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I am using CentOS 5.7 64-bit system and run Apache. Currently, I have a site has an .htaccess file contains thousands of "deny from IP" rules(added from cPanel). My server loading was very high recently, I suspect that those rules caused the problem. Will they?

I am thinking to move those rules to an iptables include file, but don't know how to setup. Any advice? Thank you.

Transfer the following

deny from


-A RH-Firewall-1-INPUT -i eth0 -s -j DROP

Sar result

# sar -q

01:00:02 PM   runq-sz  plist-sz   ldavg-1   ldavg-5  ldavg-15
01:10:01 PM        41       359     42.59     39.85     26.52
01:20:11 PM        37       267     37.34     33.99     29.45
01:30:02 PM        19       242     24.99     30.76     30.85

# sar

01:00:02 PM       CPU     %user     %nice   %system   %iowait    %steal     %idle
01:10:01 PM       all     81.50      0.14     18.23      0.01      0.00      0.12
01:20:11 PM       all     78.41      0.00     16.96      0.01      0.00      4.62
01:30:02 PM       all     82.48      0.00     15.89      0.01      0.00      1.62
01:40:01 PM       all     84.48      0.01     15.05      0.00      0.00      0.46

Top result

top - 19:03:02 up  6:09,  1 user,  load average: 9.49, 15.19, 13.19
Tasks: 211 total,  34 running, 175 sleeping,   0 stopped,   2 zombie
Cpu(s): 77.2%us, 22.6%sy,  0.0%ni,  0.1%id,  0.0%wa,  0.0%hi,  0.2%si,  0.0%st
Mem:   4117724k total,  1678008k used,  2439716k free,    79456k buffers
Swap:  8385848k total,        0k used,  8385848k free,   780952k cached
share|improve this question
A large .htaccess file certainly isn't doing you any performance favors, but what makes you suspect that's the cause? – Shane Madden Oct 13 '11 at 22:48
I am only guessing it's the .htaccess affect the performance. The CPU usage is always above 70%. I have a i5 CPU – garconcn Oct 13 '11 at 22:59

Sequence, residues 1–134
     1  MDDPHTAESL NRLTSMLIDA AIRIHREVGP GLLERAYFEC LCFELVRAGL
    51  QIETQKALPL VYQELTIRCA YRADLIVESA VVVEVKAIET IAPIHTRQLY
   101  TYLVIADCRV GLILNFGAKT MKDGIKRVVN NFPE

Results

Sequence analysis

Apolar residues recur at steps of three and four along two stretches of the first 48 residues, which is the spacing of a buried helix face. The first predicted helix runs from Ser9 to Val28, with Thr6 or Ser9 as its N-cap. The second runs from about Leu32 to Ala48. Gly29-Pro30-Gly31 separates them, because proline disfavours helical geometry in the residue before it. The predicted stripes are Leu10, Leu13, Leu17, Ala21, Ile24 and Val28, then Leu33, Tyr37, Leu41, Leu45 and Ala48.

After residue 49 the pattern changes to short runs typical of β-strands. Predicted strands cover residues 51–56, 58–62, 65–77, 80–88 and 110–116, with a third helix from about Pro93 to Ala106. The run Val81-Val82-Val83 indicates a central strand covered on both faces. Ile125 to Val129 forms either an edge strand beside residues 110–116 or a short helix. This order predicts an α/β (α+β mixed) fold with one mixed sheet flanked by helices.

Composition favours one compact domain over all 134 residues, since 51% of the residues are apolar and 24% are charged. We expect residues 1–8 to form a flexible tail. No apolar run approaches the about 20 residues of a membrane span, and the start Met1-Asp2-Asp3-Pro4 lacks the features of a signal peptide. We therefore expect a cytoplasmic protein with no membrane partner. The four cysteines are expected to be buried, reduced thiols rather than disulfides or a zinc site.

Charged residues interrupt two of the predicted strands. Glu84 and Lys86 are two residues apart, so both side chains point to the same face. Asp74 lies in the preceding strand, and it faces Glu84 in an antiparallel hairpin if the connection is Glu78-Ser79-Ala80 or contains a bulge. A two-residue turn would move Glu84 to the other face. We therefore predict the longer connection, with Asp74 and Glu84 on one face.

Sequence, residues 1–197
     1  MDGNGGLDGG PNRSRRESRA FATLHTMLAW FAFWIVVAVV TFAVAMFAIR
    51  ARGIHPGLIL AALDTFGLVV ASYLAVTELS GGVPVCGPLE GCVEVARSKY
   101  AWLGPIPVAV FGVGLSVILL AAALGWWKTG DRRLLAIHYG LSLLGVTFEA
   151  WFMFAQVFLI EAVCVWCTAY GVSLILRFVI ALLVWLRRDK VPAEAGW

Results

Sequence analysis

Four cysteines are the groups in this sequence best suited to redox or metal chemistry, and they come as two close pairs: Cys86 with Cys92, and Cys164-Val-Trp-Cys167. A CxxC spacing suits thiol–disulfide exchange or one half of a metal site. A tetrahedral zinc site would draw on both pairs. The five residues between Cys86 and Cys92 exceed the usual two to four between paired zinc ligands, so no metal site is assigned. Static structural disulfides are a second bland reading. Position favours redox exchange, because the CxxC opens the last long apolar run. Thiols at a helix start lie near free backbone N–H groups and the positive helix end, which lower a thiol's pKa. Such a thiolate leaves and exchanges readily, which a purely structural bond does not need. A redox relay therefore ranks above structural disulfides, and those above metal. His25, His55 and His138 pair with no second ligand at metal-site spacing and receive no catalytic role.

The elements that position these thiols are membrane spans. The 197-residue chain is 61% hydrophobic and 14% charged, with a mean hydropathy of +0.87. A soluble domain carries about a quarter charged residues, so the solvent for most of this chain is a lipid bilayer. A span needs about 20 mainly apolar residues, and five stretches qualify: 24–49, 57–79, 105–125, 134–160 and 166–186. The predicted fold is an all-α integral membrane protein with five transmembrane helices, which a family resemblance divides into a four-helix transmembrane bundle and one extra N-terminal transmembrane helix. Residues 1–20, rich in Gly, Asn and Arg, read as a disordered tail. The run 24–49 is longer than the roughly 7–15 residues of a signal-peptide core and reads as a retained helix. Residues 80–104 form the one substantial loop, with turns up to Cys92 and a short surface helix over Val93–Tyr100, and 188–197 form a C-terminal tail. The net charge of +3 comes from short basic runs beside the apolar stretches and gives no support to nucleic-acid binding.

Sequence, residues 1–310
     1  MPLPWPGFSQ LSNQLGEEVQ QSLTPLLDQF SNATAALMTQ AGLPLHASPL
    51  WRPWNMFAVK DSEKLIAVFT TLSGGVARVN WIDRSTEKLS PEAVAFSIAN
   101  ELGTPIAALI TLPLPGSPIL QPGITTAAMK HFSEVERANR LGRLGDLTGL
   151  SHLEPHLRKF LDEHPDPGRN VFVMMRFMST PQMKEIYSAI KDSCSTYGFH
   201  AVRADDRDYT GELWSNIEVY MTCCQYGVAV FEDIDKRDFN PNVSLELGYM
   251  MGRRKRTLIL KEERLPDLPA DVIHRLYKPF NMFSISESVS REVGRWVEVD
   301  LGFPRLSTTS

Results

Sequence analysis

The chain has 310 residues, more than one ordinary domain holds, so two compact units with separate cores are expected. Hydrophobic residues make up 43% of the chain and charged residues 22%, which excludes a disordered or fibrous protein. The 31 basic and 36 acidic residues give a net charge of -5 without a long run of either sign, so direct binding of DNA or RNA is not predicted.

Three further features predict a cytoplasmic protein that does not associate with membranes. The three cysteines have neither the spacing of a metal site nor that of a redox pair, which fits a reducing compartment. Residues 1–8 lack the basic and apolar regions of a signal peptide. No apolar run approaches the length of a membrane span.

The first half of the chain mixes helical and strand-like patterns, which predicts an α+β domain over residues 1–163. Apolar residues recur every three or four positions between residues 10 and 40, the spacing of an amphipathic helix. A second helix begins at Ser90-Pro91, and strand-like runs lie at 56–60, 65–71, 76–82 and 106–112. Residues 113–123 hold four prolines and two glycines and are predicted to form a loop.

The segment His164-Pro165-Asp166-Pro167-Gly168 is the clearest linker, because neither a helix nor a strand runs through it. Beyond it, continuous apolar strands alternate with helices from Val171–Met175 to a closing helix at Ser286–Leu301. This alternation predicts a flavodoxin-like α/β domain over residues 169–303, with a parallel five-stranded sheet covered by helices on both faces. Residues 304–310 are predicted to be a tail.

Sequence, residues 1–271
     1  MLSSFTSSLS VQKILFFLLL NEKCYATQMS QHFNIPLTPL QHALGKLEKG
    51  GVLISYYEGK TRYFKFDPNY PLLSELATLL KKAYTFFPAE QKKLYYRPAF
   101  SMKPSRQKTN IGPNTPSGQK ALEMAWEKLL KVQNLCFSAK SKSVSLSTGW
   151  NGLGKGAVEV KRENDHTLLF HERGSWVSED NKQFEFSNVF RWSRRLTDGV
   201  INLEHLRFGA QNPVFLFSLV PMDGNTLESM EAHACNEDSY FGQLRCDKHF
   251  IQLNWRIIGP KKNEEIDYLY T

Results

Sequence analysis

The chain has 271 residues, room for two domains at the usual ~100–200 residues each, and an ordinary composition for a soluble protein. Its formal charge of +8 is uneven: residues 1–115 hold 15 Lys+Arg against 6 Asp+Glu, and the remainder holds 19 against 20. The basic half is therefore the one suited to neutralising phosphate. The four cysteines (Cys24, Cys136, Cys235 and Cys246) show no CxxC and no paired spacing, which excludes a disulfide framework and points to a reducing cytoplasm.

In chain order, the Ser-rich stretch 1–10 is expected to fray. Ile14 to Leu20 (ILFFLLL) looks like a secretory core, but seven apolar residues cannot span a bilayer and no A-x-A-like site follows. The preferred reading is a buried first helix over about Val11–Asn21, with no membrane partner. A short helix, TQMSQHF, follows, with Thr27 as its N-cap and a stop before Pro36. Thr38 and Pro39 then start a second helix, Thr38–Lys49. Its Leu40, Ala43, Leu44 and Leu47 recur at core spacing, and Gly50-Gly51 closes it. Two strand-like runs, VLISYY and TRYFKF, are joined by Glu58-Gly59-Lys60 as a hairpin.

You should probably verify that it's the source of the performance issues. Don't solve something that isn't the problem. – Shane Madden Oct 14 '11 at 0:26
@shane, after move the deny rules from .htaccess to iptables using gac's method, the server load is not an issue anymore. – garconcn Oct 14 '11 at 20:02
up vote 1 down vote accepted

I'm not so sure that what you're seeing is down to your deny rules, but here's a one liner which should help you transfer your rules (at least temporarily):

grep deny .htaccess | awk {'print $3;'} | while read i; do iptables -A RH-Firewall-1-INPUT -i eth0 -s ${i} -j DROP; done

Be warned that this will put the DROP rules directly on the end of your main INPUT chain, making them pretty difficult to unpick without just restarting iptables. If you want something easier to undo, then you should probably create an extra table first with something like:

iptables -A RH-Firewall-1-INPUT -j HTACCESS_TEST
grep deny .htaccess | awk {'print $3;'} | while read i; do iptables -A HTACCESS_TEST -i eth0 -s ${i} -j DROP; done

After this, you'll need to comment out your deny lines in .htaccess and possibly reload Apache to make it take effect.

share|improve this answer
Thanks. I was looking for your second solution. I got an error after run the first line. iptables v1.3.5: Couldn't load target `HTACCESS_TEST':/lib/iptables/ cannot open shared object file: No such file or directory – garconcn Oct 13 '11 at 23:37
I got it. Thank you. – garconcn Oct 14 '11 at 0:48

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